The Swedish Minister of International Development Cooperatives, Per Olsson-Fridh, has expressed satisfaction over the use of his country’s climate change adaptation support in Bangladesh.
The minister today visited the Sweden-funded projects being facilitated by the United Nations Development Programme (UNDP) and the United Nations Capital Development Fund (UNCDF) in the climate change vulnerable coastal belt of Bangladesh, a UNDP press release said.“We are delighted to see that women in such remote place are benefitting from drinking water from a plant set up with Swedish support,” he said.
“This is a good example of climate change adaption support being used effectively,” he said after visiting a water purification plant set up by the Local Government Initiative on Climate Change (LoGIC) project in Sutarkhali in Khulna’s Dacope.
During the day-long visit, the minister observed the initiatives of UNDP’s Gender-Responsive Climate Adaptation (GCA) for Women and Strengthening Women’s Ability for Productive New Opportunities (SWAPNO) projects.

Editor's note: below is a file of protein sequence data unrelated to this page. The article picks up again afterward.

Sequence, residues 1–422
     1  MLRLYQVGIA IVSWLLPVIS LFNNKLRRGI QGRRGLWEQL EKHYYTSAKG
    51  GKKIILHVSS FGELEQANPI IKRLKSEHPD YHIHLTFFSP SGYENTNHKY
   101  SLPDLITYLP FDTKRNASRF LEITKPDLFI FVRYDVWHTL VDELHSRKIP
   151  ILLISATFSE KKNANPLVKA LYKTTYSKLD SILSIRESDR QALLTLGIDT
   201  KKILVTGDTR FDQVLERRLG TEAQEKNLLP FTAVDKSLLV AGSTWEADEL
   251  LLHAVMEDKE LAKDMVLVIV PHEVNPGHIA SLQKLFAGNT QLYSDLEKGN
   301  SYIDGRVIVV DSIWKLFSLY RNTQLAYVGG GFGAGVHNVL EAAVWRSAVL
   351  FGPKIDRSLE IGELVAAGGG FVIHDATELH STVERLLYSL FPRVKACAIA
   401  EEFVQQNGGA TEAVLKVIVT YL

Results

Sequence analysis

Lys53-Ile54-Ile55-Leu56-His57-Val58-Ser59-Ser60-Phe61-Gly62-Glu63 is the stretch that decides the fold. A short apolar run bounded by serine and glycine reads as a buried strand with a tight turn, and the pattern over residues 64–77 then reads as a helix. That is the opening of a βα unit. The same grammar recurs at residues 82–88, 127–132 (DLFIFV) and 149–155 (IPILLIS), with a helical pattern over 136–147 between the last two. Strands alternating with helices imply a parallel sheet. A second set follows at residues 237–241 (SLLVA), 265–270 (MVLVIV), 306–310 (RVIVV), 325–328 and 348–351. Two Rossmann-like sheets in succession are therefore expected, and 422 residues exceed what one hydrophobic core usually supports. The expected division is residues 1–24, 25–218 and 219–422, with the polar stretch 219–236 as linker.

“Climate-adaptive livelihoods are reducing climate migration which will have long term positive impacts on the country,” he added after talking to the beneficiaries of the GCA project in Tildanga of Khulna’s Dacope.
“Empowering one woman is empowering a family and a society, I am happy that Sweden is supporting SWAPNO to empower rural women in Bangladesh,” the Swedish minister said after seeing the project activities in Shatkhira’s Tiger Point.
He also visited UNDP’s conservation activities around the Sundarbans, the world’s largest mangrove forest, including dolphin conservation activities.The minister was accompanied by Alexandra Berg von Linde, Swedish Ambassador to Bangladesh; Resident Representative Sudipto Mukerjee of UNDP Bangladesh; Joint Secretary of Local Government Division Saila Farzana; and Country Focal Point Jesmul Hasan of UNCDF, among others, delegates.
Bangladesh, ranked 7th among 10 countries most vulnerable to climate change and disasters, have been experiencing extreme weather events like cyclones, floods, droughts and rise in salinity of water, which particularly affect the poor and vulnerable, especially women.